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Report maps complex challenges to Ebola vaccine efforts

As experimental Ebola vaccines start to head toward large clinical trials in Africa, a report released today by academic experts and a British charitable foundation spelled out the complexity of the challenges involved in providing a vaccine to help stop West Africa’s sprawling epidemic.

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news-and-notes

CDC declares flu an epidemic

The U.S. is experiencing epidemic-level flu activity, the CDC announced yesterday.

The proportion of deaths related to pneumonia and influenza reached 6.8 percent as of December 20, 2014, which is considered the epidemic threshold. This demonstrates how easily the flu spreads, however an epidemic classification is typical with most flu seasons, the Washington Post reported.

“The CDC announcement confirms that we are entering a period of increased influenza transmission,” said Nick Kelley, PhD, research associate for the Center for Infectious Disease Research and Policy at the University of Minnesota. “We expect to see higher levels of influenza during this time of year, with peak transmission typically occurring in January.”

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in-the-news

Ebola, although deadly, not a likely threat to the US

The first documented Ebola outbreak was recorded over 40 years ago in central Africa. Until now, outbreaks have been contained rather quickly, and although medicine has advanced, the deadliest recorded outbreak of Ebola is happening in West Africa right now.

Having originated in fruit bats, the Ebola virus is found primarily in Africa. And while the origin of the virus may be thousands of miles away from Minnesota, visitors to the region including a Minnesota man set to visit family next month have perished after infection. Furthermore, the families of Liberians in Minnesota have taken action to protect their loved ones abroad by fundraising to battle the deadly virus.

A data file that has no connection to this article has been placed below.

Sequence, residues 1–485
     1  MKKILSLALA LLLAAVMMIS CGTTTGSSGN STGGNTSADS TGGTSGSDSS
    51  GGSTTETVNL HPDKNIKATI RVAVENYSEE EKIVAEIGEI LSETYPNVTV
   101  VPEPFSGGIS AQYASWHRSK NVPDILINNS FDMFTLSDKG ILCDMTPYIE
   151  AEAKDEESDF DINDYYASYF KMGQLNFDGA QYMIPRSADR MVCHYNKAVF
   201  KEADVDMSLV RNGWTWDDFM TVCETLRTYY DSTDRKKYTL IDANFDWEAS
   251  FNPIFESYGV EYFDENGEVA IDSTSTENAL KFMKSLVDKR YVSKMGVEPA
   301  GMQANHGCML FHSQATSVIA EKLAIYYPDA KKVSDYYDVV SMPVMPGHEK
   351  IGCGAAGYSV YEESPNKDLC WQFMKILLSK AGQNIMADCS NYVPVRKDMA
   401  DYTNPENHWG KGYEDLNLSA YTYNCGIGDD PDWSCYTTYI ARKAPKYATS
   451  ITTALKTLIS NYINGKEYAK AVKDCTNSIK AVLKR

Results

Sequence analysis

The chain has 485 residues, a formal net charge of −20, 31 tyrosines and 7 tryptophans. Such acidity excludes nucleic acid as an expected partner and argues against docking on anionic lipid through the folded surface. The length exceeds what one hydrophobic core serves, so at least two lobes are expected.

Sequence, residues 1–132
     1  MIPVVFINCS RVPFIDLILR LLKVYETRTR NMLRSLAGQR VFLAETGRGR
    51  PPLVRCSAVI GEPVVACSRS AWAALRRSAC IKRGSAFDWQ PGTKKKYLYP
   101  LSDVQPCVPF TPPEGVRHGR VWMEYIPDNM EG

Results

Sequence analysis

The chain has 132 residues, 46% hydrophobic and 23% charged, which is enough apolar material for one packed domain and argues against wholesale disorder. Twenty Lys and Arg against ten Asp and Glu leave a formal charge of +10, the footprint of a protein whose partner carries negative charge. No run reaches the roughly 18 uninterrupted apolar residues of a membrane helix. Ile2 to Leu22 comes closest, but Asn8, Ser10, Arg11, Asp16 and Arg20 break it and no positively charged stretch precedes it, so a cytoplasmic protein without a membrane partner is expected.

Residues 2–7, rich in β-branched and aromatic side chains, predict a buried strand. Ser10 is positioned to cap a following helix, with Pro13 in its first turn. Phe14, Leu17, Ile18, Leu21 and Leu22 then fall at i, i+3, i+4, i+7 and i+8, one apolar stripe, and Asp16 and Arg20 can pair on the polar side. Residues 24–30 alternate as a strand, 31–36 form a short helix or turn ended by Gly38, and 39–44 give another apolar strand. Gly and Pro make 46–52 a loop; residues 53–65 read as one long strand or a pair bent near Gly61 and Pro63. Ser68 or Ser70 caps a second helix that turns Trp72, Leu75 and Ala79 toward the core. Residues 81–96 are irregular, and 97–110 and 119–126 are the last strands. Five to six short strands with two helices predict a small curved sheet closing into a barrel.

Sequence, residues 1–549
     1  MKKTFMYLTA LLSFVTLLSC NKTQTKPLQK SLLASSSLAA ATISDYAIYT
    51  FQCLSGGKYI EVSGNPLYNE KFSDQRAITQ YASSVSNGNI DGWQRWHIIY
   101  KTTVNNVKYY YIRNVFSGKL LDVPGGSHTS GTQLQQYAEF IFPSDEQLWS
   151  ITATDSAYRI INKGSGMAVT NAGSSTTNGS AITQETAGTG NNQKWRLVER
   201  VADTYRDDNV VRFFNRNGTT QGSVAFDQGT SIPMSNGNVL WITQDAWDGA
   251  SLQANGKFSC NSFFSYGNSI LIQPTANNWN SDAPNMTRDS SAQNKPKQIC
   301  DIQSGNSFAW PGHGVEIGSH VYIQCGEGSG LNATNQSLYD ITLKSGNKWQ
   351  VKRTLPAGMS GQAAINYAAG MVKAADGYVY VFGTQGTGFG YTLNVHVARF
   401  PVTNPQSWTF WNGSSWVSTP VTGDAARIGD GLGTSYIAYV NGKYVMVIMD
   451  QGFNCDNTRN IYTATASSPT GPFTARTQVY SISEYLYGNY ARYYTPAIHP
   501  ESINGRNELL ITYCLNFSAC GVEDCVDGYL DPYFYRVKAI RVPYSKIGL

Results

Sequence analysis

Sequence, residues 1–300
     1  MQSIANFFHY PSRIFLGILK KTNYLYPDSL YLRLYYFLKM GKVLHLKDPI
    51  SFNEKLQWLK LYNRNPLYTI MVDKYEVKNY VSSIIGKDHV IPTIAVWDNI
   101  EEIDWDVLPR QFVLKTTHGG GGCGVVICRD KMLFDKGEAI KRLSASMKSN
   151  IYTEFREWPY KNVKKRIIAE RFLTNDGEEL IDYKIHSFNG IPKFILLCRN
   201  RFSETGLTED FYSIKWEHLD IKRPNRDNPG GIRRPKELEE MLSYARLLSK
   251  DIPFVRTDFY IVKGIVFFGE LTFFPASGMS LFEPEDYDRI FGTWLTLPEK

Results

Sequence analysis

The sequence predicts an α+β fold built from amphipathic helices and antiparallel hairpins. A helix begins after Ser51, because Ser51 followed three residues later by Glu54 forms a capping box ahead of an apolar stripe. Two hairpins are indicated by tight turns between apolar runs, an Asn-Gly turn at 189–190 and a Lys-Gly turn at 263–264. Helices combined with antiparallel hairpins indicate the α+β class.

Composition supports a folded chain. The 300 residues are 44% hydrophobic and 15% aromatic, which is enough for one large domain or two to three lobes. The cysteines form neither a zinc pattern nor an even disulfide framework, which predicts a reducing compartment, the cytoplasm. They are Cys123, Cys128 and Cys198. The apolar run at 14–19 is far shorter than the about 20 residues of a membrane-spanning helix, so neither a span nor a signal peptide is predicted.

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beyond-minnesota

Typhoon Haiyan: public health concerns

A week after Typhoon Haiyan wreaked havoc in the Philippines, the death toll continues to rise and survivors now face food, water, and supply shortages. As a result, many relief efforts will focus squarely on combating growing public health concerns in the region.

“There are two immediate health risks in a disaster like this: disease caused by sanitation issues, and the downstream health effects associated with blunt force trauma that occurred during the event itself,” said Michael Osterholm, Ph.D., director of the Center for Infections Disease Research and Policy (CIDRAP) at the University of Minnesota and a professor in the School of Public Health. “Both of these issues are immediate and will only worsen.”

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beyond-minnesota

A step ahead in the walk back to the origins of SARS

Being linked to any number of things, including vampires and rabies, bats have always had a public relations problem.

Now, even close to Halloween, bats still can’t catch a break. Researchers may have definitively linked the mammals to Severe Acute Respiratory Syndrome (SARS).

In 2002, a previously unknown airborne coronavirus generated worldwide panic when it sickened more than 8,000 people in 33 countries, causing more than 700 deaths before disappearing.

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expert-perspectives

Could a universal flu vaccine become a reality in the near future?

In a recent study out of Great Britain, researchers discovered a key that might unlock a universal flu vaccine: blood.

Not just any blood, though. The researchers said the answer to what they call a universal flu vaccine may be in the blood of those who became infected with the H1N1 strain of influenza present during the 2009 influenza pandemic, but who beat the strain without getting sick.

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